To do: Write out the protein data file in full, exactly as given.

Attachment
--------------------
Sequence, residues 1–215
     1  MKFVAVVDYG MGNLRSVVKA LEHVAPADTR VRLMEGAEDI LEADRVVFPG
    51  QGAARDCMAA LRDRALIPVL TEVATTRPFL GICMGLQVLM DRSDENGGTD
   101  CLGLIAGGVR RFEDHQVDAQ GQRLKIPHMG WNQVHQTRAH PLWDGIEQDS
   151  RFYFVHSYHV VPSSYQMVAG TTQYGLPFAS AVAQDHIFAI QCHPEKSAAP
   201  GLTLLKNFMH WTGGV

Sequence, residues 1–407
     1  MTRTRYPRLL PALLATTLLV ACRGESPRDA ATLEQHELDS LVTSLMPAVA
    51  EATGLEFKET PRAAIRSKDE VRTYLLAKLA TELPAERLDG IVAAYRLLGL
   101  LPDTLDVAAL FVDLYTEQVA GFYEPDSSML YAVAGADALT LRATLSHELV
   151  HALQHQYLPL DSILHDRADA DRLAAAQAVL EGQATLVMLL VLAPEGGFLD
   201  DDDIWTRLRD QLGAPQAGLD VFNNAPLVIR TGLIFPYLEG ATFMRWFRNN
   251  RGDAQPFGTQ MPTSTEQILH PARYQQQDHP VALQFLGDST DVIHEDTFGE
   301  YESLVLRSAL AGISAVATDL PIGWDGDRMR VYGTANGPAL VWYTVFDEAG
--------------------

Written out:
Sequence, residues 1–215
     1  MKFVAVVDYG MGNLRSVVKA LEHVAPADTR VRLMEGAEDI LEADRVVFPG
    51  QGAARDCMAA LRDRALIPVL TEVATTRPFL GICMGLQVLM DRSDENGGTD
   101  CLGLIAGGVR RFEDHQVDAQ GQRLKIPHMG WNQVHQTRAH PLWDGIEQDS
   151  RFYFVHSYHV VPSSYQMVAG TTQYGLPFAS AVAQDHIFAI QCHPEKSAAP
   201  GLTLLKNFMH WTGGV

Sequence, residues 1–407
     1  MTRTRYPRLL PALLATTLLV ACRGESPRDA ATLEQHELDS LVTSLMPAVA
    51  EATGLEFKET PRAAIRSKDE VRTYLLAKLA TELPAERLDG IVAAYRLLGL
   101  LPDTLDVAAL FVDLYTEQVA GFYEPDSSML YAVAGADALT LRATLSHELV
   151  HALQHQYLPL DSILHDRADA DRLAAAQAVL EGQATLVMLL VLAPEGGFLD
   201  DDDIWTRLRD QLGAPQAGLD VFNNAPLVIR TGLIFPYLEG ATFMRWFRNN
   251  RGDAQPFGTQ MPTSTEQILH PARYQQQDHP VALQFLGDST DVIHEDTFGE
   301  YESLVLRSAL AGISAVATDL PIGWDGDRMR VYGTANGPAL VWYTVFDEAG